# Thread: finding dot product

1. Hi! I'm given 2 points C(2;6) and D(0;10), a vector A with its components = (-3, 2). I'm asked to find the dot product between vector CD and an unknown vector K, knowing that K is perpendicular to A, same norm as A and with a negative x-component. I know that perpendicular means the dot product=0 and vector CD has a norm \sqrt{40} if i calculate it, but I have no clue how to solve it (we cant have a calculator).

Thank you for your help!

2.

3. vector K would be $\left<-2,-3\right>$

vector CD would be $\left<-2,4\right>$

can you find the dot product?

4. Thread Author
Thanks for the reply, how did you find vector K?

5. Originally Posted by sp3
Thanks for the reply, how did you find vector K?
two ways ...

1. $\vec{A} = \left<-3,2 \right>$ has slope $m = -\dfrac{2}{3} \implies \vec{K}$ has slope $m_{\perp} = \dfrac{3}{2}$.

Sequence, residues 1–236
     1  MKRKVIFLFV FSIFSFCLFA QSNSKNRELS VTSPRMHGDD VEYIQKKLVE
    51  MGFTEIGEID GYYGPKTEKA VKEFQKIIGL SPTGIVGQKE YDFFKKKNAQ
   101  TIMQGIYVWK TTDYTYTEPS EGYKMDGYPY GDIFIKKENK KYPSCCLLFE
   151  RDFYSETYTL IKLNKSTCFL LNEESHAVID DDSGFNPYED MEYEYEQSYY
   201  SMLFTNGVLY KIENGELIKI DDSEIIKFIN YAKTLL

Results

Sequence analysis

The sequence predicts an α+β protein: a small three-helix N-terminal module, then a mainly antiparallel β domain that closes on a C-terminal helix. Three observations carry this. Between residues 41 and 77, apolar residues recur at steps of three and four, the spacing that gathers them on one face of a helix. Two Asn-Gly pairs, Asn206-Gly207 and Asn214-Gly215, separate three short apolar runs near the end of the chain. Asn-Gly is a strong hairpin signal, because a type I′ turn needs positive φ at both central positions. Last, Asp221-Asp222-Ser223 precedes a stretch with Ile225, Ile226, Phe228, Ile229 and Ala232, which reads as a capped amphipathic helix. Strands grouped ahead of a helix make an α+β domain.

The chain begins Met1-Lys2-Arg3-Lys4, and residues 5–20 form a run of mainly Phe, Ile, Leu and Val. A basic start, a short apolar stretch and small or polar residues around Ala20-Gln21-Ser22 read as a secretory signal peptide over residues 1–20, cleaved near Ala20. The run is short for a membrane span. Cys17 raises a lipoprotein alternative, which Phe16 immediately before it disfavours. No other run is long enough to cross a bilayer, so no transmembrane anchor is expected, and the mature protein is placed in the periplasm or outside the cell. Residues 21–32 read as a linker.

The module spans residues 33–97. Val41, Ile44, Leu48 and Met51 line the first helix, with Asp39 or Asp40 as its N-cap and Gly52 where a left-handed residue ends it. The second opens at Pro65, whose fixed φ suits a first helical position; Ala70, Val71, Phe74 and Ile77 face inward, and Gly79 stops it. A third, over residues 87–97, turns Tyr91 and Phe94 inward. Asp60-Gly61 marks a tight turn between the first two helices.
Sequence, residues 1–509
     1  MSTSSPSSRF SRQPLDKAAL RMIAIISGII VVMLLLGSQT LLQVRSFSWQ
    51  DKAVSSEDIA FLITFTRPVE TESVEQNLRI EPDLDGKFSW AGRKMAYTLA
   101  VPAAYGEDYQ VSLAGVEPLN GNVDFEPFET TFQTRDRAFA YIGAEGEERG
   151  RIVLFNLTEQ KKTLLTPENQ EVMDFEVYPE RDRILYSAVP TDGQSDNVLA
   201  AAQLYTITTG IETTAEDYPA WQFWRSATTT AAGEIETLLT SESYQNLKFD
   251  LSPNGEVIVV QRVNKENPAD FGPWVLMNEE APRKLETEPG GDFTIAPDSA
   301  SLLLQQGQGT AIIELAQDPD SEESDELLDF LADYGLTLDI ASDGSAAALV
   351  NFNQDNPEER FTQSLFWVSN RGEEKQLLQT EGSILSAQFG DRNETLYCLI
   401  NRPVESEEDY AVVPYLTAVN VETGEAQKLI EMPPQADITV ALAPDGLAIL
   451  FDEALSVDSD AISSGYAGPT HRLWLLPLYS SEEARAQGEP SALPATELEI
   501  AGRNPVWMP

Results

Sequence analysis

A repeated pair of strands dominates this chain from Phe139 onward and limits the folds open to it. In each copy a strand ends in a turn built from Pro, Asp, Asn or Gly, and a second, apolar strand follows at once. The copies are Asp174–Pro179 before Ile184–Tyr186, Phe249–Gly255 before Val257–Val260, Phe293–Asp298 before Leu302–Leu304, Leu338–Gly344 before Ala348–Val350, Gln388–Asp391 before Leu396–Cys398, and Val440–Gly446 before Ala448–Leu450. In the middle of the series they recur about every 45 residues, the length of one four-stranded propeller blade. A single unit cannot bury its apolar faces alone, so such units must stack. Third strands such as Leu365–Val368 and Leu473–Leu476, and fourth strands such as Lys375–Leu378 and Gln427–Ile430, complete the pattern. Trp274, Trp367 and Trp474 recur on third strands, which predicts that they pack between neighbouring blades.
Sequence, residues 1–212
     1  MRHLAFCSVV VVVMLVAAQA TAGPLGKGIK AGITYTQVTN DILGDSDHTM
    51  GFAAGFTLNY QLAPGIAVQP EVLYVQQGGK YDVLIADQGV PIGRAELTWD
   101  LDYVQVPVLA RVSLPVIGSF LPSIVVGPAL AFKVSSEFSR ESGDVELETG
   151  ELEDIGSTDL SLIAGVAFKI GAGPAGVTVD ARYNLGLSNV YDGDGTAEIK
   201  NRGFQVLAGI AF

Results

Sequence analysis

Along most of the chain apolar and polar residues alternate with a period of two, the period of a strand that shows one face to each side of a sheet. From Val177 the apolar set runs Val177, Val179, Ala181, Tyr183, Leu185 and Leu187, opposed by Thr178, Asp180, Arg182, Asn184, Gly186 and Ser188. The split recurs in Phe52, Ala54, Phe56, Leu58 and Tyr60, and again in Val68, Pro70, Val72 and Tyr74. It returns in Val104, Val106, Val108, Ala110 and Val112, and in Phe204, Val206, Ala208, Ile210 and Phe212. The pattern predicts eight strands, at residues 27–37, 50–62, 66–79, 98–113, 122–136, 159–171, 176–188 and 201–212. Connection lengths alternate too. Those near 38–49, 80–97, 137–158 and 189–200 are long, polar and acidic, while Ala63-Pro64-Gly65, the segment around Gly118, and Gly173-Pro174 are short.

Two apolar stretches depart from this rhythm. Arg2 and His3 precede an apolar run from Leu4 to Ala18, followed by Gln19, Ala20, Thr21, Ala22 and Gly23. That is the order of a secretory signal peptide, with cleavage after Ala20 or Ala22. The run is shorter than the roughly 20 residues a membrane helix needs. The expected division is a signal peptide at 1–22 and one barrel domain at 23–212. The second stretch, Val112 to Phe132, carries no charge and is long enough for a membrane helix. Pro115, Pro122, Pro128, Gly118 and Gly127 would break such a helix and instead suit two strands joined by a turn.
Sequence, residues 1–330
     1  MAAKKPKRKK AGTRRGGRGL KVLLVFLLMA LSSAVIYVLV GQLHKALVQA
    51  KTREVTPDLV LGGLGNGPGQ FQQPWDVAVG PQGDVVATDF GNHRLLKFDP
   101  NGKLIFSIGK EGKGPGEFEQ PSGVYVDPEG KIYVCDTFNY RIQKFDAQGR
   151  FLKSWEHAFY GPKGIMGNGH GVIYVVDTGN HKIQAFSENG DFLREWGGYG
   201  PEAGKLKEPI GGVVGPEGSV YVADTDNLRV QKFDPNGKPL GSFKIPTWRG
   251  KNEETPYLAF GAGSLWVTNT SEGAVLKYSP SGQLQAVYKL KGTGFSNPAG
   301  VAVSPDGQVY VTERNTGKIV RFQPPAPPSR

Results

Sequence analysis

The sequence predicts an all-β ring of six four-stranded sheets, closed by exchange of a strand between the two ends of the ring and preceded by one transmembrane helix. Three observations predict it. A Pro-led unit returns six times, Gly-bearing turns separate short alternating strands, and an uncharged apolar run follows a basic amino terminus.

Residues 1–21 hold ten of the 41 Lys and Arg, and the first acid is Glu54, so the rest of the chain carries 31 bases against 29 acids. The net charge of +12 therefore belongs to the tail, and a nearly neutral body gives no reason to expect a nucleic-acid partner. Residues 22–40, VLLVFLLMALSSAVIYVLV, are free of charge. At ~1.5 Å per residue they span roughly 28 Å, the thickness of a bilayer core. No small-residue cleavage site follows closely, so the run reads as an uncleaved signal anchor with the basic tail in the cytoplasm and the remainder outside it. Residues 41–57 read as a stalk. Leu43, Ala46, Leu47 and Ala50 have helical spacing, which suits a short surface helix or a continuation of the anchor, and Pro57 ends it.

since $\vec{K}$ has a negative x component, then so does its y-component ... same magnitude means $\vec{K} = \left<x,y \right> = \left<-2,-3 \right>$

2. let $\vec{K} = \left<x,y\right>$

$\vec{A} \cdot \vec{K} = -3x + 2y = 0 \implies y = \dfrac{3}{2} x$

$|\vec{A}| = |\vec{K}| \implies \sqrt{(-3)^2 + 2^2} = \sqrt{x^2+y^2} \implies x^2+y^2 = 13 \implies x^2 + \dfrac{9}{4} x^2 = 13 \implies \dfrac{13}{4} x^2 = 13 \implies x = \pm 2$

$x < 0 \implies x = -2 \implies y = -3$

6. Equivalently, one vector perpendicular perpendicular to (a, b) with the same norm is (-b, a), another is (b, -a). Here, K= (-3, 2) so those two perpendicular vector are (-2, 4) and (2, -3). The first has x component negative.

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